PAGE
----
Are you a time waster or value creator?
"Yay, another meeting!" said no one ever. Why don't we like meetings? Because we are busy and the content of most meetings can be handled by memo or email. In short, we don't feel that most meetings are productive use of our time. Sarah's meetings were different. They provided value, they covered important issues and they started and ended on time. What was the difference between most meetings and Sarah's meetings?
Source: Jeff Schmidt, SVP of Professional Development, RAB
Sarah was our top biller. She was driven, she was passionate and she cared deeply about her clients. When Sarah would schedule a meeting with a client or even an internal meeting with me or others, she would always send an agenda in advance.
Sounds simple, but by preparing an agenda in advance, you respect the time of meeting participants, you are showing respect for their time and you are making sure the important issues are covered and you avoid unnecessary tangents.
In James A. Muir's book, The Perfect Close, he says:
It is unprofessional not to have a meeting agenda. It sends the message that you are a time waster and not a value creator. Nonprofessionals dismiss having an agenda and just wing it. That is a big mistake. A well-crafted agenda will have a strong impact on the outcome of a meeting.
The are other benefits to sending a meeting agenda in advance to your clients:
It differentiates you from other sellers in the market.
It ensures that you cover the topics you want to cover.
It shows the client you are organized and respectful of their time.
It makes meetings far more productive and enjoyable.
Agendas set expectations and allow us to meet those expectations.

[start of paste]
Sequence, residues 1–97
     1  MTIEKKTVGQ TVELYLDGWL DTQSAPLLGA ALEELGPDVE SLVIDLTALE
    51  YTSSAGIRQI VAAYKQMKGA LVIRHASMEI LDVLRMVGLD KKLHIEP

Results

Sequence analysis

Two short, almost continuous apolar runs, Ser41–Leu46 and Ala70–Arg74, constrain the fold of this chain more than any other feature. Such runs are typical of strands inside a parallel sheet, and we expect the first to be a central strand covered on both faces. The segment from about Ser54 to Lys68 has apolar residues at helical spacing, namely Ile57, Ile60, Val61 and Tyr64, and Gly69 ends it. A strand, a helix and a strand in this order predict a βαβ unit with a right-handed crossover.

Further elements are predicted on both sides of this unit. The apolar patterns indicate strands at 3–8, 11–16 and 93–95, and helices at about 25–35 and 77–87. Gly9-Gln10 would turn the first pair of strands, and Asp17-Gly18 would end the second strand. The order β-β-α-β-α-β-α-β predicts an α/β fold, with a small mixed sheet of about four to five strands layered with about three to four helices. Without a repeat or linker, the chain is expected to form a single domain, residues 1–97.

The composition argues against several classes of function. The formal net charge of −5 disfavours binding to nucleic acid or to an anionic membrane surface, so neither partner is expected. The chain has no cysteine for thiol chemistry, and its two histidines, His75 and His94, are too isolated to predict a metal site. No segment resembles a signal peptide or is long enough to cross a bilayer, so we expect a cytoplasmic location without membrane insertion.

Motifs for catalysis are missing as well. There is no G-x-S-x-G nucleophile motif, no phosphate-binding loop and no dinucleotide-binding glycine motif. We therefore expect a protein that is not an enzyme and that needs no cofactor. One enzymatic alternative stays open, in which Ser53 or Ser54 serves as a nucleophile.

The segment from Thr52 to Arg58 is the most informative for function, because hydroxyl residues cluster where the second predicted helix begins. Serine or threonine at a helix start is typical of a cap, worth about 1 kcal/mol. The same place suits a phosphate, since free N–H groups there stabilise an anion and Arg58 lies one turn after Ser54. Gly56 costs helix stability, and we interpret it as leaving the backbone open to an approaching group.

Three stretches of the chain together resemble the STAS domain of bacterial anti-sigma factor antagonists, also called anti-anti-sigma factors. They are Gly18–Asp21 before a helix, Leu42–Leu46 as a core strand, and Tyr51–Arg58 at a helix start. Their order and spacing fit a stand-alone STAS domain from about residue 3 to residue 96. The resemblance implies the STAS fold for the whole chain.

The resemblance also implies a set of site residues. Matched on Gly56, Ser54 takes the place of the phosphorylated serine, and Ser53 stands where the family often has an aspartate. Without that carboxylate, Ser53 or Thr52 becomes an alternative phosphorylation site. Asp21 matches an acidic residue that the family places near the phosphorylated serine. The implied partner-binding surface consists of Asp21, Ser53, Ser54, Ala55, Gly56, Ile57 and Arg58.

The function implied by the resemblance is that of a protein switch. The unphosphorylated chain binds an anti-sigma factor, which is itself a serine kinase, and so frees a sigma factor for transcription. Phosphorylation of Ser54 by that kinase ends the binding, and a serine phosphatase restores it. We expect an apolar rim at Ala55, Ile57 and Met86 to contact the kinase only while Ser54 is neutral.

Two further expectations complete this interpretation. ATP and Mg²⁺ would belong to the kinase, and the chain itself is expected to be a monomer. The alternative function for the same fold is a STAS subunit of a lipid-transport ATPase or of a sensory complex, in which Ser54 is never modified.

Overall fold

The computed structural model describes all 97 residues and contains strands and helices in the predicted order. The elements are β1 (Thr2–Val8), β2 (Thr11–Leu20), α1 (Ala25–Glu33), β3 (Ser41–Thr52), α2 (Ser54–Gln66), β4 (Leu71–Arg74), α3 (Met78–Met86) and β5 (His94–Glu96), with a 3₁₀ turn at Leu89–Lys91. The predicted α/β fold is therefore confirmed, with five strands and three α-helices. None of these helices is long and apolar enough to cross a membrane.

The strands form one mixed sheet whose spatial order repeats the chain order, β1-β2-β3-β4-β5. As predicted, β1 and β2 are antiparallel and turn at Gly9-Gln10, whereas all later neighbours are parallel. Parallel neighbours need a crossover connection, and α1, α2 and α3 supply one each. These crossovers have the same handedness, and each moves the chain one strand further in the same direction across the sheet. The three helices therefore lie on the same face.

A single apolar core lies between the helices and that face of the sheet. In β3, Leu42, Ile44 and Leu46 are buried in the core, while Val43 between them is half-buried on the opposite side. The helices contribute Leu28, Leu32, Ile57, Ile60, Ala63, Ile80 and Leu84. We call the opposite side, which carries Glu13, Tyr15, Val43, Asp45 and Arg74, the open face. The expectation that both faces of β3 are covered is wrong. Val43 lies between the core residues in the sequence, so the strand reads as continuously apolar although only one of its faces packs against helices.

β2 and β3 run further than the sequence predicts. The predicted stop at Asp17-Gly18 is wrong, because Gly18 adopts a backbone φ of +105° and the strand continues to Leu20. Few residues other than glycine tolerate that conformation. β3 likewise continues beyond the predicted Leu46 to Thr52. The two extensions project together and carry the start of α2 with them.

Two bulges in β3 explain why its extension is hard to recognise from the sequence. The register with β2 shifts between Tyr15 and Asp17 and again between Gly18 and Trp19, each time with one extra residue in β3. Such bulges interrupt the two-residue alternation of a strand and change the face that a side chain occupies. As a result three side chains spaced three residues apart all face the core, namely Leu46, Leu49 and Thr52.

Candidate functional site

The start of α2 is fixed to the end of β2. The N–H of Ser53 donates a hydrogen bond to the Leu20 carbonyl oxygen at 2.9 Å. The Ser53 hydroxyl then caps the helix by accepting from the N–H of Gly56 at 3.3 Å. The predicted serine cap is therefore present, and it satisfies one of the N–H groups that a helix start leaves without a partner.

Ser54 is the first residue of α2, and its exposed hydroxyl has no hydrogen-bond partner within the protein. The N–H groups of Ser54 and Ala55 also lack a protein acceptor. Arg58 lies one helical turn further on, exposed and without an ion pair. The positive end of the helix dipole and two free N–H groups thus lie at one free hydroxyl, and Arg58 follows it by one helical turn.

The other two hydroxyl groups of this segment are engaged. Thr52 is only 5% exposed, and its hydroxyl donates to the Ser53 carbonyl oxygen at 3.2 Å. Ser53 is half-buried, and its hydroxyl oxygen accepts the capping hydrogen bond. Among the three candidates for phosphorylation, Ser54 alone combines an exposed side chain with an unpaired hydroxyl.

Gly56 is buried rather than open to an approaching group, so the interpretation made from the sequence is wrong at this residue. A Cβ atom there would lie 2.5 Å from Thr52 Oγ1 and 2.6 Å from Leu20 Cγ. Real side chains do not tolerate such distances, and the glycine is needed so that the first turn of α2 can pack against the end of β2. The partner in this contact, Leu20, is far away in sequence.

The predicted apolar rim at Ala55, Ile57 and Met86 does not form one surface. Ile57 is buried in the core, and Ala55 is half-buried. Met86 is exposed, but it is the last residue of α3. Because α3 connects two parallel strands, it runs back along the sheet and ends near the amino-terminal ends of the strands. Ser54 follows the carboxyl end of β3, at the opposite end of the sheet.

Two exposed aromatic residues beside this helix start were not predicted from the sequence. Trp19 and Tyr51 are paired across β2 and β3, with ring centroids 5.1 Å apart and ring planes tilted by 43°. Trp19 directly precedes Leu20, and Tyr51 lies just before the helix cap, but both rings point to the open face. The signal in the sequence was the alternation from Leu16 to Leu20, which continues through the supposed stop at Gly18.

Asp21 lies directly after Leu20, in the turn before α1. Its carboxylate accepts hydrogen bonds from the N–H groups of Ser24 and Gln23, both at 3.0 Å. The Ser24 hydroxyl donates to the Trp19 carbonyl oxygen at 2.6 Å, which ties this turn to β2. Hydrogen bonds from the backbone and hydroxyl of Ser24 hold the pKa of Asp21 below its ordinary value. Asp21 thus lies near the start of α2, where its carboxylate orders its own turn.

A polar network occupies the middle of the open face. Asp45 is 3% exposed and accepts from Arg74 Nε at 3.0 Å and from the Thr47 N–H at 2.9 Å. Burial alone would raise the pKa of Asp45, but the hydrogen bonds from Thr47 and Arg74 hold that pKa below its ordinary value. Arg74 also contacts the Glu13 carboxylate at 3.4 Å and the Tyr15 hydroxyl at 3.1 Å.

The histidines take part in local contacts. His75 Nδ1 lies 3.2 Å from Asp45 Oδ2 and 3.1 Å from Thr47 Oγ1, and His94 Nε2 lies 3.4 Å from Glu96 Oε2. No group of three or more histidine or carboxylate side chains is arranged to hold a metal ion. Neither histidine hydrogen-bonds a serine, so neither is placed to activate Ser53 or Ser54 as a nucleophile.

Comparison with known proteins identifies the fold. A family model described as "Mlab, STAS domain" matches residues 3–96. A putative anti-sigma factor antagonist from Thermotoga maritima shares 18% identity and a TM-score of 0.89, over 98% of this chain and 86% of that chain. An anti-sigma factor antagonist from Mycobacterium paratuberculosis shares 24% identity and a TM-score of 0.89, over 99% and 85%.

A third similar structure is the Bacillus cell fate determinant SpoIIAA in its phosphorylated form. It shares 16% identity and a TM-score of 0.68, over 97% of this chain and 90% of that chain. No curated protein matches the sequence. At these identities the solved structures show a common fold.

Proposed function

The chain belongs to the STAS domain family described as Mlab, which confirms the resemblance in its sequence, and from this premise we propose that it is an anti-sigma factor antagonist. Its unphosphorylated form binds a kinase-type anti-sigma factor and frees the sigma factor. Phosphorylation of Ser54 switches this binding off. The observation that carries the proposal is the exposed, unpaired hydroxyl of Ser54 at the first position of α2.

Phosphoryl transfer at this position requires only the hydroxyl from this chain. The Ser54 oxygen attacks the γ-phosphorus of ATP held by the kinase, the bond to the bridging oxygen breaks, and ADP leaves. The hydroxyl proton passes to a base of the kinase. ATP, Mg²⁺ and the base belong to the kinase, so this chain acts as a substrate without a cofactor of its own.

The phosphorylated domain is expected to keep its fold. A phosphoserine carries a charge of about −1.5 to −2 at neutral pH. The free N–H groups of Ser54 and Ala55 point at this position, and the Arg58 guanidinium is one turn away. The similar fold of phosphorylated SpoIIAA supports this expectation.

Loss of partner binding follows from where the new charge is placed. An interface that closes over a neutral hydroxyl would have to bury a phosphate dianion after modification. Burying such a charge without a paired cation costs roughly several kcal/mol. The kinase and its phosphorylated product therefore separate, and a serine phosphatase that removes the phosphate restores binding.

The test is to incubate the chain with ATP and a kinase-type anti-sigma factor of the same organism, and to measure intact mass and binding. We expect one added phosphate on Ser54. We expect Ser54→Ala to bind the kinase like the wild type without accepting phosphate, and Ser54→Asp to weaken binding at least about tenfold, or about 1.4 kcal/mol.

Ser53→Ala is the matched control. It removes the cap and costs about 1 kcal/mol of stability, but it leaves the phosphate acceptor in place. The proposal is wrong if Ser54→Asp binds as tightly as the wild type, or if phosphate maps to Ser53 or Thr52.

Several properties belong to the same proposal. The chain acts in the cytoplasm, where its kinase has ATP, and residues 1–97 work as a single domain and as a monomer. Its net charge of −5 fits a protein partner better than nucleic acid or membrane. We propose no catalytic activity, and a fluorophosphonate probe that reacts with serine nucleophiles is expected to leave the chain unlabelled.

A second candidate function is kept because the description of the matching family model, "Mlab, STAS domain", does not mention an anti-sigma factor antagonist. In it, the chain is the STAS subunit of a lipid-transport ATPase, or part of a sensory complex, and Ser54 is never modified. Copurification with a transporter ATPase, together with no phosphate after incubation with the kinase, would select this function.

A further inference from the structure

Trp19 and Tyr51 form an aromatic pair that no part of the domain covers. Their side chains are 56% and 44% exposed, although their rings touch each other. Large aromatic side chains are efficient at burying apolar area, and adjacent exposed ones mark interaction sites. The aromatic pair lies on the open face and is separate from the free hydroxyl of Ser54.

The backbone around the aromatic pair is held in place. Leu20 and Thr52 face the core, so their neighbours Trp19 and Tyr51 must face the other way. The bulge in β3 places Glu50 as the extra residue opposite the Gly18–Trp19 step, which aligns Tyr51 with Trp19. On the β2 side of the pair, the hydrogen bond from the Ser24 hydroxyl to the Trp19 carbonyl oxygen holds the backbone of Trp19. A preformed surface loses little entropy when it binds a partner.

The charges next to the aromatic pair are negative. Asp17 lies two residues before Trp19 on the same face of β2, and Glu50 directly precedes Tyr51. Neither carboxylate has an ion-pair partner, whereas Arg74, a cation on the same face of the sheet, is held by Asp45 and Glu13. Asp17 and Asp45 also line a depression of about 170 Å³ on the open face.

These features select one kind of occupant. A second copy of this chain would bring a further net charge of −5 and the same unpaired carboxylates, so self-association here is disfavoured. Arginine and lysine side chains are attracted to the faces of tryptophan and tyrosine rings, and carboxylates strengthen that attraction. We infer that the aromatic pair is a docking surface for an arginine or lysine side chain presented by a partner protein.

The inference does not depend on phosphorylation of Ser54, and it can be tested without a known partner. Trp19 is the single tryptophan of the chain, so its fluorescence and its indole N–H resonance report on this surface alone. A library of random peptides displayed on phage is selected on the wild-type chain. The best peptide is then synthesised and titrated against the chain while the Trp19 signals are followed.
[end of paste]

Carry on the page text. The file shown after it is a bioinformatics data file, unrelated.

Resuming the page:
After every meeting, Muir suggests you do three things:
Review the agreed-upon action items for all parties in the meeting.
Thank the participants for their time.
Set the next meeting date and time.
It's also a good idea (frequency) to send a follow-up email when you are back in the office outlining those three things.
If you don't send an agenda in advance, you could be perceived as a time waster. This is likely why it's getting even harder to get meetings with clients and prospects than ever. Who doesn't like a meeting when they walk away with value? The simple task of sending an agenda in advance can shift your meetings from time-wasters to value creators.
Managers, you might consider modeling this behavior for your teams by sending an agenda in advance of your upcoming internal meetings. The reaction will be positive, and you can then use it as a teaching moment to suggest they do the same for their clients and prospects.
Jeff Schmidt is SVP-Professional Development at the Radio Advertising Bureau. You can reach Jeff at jeff.Schmidt@Rab.com or follow him on social media: Twitter, LinkedIn.